2015 Nebula Award Nominees

For those of you who may not know, the Nebula Awards are one of the most prestigious awards for Science Fiction and Fantasy. The awards are given by the Science Fiction and Fantasy Writers of America, which has been around since 1965. If an author wins a Nebula, it would be akin to winning a Sci-Fi/Fantasy Oscar. So yes, it’s a big deal and this year there’s a wonderfully diverse roster of nominees.

  • 4 out of 7 nominees for Best Novel are women and 2 of them are people of color.
  • 4 out of 6 nominees for Best Novella are women and 2 of them are people of color.

I wanted to highlight the nominees that I will be reviewing in my blog eventually. Which ones catch your interest?

Nnedi Okorafor – Binti (review updated)
  • Nominated for Best Novella

This one is a must-read for me. I bought the eBook as soon as I found out it had been nominated. I’m a fan of Okorafor’s work and I know this one will not disappoint.


Her name is Binti, and she is the first of the Himba people ever to be offered a place at Oomza University, the finest institution of higher learning in the galaxy. But to accept the offer will mean giving up her place in her family to travel between the stars among strangers who do not share her ways or respect her customs.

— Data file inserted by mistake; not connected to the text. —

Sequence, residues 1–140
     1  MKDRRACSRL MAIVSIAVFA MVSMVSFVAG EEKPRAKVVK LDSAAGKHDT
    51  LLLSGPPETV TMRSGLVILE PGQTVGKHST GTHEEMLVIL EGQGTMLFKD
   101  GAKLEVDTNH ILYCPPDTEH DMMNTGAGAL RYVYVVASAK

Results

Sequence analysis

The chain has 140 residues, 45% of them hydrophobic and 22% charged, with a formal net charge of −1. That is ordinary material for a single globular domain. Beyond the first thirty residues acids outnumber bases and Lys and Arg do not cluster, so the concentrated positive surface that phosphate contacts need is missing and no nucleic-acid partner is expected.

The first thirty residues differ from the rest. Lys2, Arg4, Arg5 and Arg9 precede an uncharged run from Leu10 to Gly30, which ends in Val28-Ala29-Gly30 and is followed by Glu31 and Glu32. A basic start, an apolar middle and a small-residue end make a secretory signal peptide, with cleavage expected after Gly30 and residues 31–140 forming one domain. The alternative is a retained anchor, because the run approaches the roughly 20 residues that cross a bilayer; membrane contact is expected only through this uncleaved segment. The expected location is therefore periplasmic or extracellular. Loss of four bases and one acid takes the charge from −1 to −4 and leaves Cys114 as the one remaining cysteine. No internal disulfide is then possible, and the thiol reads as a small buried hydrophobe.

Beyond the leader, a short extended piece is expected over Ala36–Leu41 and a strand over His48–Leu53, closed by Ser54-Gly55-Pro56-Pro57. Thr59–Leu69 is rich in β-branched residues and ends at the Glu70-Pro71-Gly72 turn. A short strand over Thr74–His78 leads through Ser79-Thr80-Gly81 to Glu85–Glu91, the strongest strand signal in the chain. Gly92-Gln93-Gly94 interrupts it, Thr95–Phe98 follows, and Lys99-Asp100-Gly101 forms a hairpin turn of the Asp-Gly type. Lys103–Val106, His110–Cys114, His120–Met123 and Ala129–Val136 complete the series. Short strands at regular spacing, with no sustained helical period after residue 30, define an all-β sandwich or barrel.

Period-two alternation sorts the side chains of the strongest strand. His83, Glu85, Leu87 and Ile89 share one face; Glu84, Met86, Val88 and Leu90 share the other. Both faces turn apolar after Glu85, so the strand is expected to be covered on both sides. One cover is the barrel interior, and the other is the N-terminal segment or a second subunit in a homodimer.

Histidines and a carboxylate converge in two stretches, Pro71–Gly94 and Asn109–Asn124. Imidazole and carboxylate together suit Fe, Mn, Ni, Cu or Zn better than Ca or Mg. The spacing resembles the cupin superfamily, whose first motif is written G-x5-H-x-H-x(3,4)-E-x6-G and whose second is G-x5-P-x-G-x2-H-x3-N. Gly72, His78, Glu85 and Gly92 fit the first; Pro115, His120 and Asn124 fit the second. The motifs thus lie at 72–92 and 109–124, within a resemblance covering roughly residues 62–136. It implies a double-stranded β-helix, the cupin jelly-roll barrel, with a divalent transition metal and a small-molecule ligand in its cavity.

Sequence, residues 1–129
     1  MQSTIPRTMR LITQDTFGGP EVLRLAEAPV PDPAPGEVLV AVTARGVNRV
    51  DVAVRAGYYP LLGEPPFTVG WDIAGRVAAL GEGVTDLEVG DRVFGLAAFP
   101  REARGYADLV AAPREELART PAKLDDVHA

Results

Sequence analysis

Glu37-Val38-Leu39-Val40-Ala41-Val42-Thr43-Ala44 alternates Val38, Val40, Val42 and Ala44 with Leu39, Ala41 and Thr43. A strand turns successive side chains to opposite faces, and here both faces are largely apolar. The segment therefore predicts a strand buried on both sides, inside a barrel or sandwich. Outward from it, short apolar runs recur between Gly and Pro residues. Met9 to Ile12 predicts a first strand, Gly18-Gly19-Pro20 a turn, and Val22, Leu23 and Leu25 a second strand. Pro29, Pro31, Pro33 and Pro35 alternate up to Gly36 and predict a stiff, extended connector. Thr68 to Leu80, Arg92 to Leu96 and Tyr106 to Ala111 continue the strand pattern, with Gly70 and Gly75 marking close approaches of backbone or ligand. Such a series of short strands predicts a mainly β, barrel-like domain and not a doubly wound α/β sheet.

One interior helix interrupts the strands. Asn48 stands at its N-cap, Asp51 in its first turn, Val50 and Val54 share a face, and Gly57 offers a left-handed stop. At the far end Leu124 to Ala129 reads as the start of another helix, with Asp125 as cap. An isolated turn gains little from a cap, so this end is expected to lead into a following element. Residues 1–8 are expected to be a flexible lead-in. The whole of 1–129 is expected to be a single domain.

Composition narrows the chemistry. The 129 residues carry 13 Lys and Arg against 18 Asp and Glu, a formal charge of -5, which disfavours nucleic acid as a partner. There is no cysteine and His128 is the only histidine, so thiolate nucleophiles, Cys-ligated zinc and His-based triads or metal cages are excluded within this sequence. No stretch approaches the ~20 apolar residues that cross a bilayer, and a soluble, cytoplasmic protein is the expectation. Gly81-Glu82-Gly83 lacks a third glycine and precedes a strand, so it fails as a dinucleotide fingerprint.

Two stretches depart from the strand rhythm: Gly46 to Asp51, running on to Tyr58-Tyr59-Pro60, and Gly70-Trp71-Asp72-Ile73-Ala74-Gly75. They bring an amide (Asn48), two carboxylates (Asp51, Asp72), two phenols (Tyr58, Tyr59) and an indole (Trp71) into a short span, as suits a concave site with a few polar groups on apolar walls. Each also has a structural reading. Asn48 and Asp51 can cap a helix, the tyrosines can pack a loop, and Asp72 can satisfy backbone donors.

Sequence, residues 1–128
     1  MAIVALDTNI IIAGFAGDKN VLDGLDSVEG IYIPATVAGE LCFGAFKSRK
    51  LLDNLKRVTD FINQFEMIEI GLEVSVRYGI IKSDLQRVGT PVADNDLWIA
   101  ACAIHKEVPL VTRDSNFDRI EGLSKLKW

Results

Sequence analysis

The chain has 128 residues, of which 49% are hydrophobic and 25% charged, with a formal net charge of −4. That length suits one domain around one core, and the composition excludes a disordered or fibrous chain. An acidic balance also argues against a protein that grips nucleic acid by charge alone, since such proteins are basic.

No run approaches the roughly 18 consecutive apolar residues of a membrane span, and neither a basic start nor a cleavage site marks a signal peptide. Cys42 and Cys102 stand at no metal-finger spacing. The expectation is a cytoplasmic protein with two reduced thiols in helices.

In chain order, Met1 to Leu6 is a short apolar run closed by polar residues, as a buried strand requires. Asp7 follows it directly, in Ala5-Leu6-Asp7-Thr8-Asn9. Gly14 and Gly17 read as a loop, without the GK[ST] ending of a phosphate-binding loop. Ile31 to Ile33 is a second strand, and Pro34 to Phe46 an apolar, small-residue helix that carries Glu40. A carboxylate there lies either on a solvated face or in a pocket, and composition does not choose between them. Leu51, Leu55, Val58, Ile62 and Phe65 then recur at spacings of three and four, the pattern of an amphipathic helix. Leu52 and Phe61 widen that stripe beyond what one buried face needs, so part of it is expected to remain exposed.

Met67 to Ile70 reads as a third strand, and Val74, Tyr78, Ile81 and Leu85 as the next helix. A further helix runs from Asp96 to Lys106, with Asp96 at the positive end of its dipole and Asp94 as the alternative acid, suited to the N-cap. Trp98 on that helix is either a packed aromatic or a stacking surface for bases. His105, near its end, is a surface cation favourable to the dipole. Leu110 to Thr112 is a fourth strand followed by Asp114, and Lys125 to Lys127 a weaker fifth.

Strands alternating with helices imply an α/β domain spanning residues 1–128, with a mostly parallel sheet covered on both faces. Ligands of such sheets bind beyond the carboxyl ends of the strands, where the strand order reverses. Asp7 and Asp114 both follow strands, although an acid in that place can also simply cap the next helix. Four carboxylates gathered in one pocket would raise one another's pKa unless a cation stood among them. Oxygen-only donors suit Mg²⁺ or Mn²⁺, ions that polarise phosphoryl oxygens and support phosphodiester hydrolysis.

Knowledge comes at a cost, one that Binti is willing to pay, but her journey will not be easy. The world she seeks to enter has long warred with the Meduse, an alien race that has become the stuff of nightmares. Oomza University has wronged the Meduse, and Binti’s stellar travel will bring her within their deadly reach.

If Binti hopes to survive the legacy of a war not of her making, she will need both the gifts of her people and the wisdom enshrined within the University, itself – but first she has to make it there, alive.



Usman T. Malik – The Pauper Prince and the Eucalyptus Jinn (review updated)
  • Nominated for Best Novella

What a beautiful cover. I’ll be reviewing this one shortly alongside “Binti.”


“The Pauper Prince and the Eucalyptus Jinn” by Usman T. Malik is a fantasy novella about a disenchanted young Pakistani professor who grew up and lives in the United States, but is haunted by the magical, mystical tales his grandfather told him of a princess and a Jinn who lived in Lahore when the grandfather was a boy.






Ken Liu – The Grace of Kings
  • Nominated for Best Novel

I bought this one when it was on sale for $3.99 a few weeks ago. What a deal! I’ll admit that I’m daunted by the 600+ pages, but I will review it eventually. If I can get through 2 Brandon Sanderson novels, each 1000+ pages, in one month, surely I won’t have any trouble with this one.


Two men rebel together against tyranny—and then become rivals—in this first sweeping book of an epic fantasy series from Ken Liu, recipient of Hugo, Nebula, and World Fantasy awards.